Engine Control, An Aircraft Atypical Computer: How to Set the Standard? 2011-01-2543
Four years ago Airbus became actively involved in the SAE E36, Electronic Engine Control committee. This paper presents an Airframe Manufacturer view of one current working practices discussion relative to the FADEC electrical hardware change and describes an Airframe Manufacturer views on the committee's effectiveness along with a vision for its future.
The SAE E36 committee is a representation of the propulsion control engineering community. The members comes from Airworthiness Authorities and other government and military agencies, airframers, engine manufacturers and control suppliers from North America, South America and Europe (including Russia).
An active involvement allows an aircraft manufacturer to participate actively in the process and “to set the standard”.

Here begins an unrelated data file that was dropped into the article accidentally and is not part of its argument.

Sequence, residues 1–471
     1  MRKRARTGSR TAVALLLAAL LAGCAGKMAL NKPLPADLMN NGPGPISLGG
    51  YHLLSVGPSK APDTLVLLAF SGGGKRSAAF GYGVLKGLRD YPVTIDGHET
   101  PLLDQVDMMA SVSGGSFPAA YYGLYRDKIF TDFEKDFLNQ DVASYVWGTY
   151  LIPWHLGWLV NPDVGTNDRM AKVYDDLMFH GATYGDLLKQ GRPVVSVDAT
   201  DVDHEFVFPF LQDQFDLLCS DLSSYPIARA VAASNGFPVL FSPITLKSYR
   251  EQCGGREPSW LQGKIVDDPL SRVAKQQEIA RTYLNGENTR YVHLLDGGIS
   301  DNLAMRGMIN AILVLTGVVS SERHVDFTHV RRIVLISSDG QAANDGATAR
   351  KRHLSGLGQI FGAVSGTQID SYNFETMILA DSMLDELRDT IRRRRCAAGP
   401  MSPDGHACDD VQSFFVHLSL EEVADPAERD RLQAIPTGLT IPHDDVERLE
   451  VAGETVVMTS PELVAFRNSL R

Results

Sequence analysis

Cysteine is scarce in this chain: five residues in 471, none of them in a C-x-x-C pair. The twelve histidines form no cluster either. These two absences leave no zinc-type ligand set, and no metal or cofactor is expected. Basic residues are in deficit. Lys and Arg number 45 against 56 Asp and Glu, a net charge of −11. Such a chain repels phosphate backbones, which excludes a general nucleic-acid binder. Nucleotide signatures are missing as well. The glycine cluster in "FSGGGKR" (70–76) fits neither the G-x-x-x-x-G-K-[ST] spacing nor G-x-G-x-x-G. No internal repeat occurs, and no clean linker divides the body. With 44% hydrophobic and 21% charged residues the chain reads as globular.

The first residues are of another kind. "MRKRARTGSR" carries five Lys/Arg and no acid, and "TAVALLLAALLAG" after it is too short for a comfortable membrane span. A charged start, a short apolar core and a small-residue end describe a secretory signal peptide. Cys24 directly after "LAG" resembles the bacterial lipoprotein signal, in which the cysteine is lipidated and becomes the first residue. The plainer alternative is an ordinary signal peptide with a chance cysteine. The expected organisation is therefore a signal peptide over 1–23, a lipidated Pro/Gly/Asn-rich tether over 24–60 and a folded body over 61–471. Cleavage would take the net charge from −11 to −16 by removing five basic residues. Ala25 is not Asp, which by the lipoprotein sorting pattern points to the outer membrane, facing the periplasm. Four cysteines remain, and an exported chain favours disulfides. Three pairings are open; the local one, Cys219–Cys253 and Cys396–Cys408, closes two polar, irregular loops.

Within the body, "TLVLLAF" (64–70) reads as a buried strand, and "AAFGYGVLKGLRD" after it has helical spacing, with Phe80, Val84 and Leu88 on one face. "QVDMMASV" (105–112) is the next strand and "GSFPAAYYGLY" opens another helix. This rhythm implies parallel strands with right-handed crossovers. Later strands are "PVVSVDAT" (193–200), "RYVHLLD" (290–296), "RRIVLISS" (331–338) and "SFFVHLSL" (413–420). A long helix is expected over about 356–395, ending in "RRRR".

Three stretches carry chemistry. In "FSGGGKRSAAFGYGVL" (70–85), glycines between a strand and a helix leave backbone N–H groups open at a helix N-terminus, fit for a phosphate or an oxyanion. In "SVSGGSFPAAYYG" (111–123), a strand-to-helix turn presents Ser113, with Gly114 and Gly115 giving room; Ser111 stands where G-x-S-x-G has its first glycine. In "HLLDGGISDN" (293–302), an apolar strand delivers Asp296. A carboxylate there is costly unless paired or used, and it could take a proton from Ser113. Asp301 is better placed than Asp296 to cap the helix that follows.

An additional benefit is to be aware of “what's hot”. Technical meetings provide the opportunity to debate on emerging regulatory change and technology trends with experts from organisations which span from small aircraft to large, crossing the civil and military domain.
The Full Authority Digital Engine Control (FADEC) is more and more an atypical computer with a complexity similar to the computer systems used for flight control. This raises a question as a flight control computer is completely specified by the aircraft manufacturer, but the engine control specification is limited to thrust control and indication aircraft interfaces alone. Furthermore, while the flight control is certified by the aircraft authorities alone, the engine control is certified by the engine and the engine control installation is certified by the Aircraft authorities.
By being involved in this, the aircraft manufacturer have the opportunity to be aware of current issues and therefore be in a position to plan ahead rather than continually need to catch up. The following paper describes the specific standard process to deploy to manage the electrical hardware FADEC changes over the life of the aircraft.
The paper is the authoritative source for the abstract.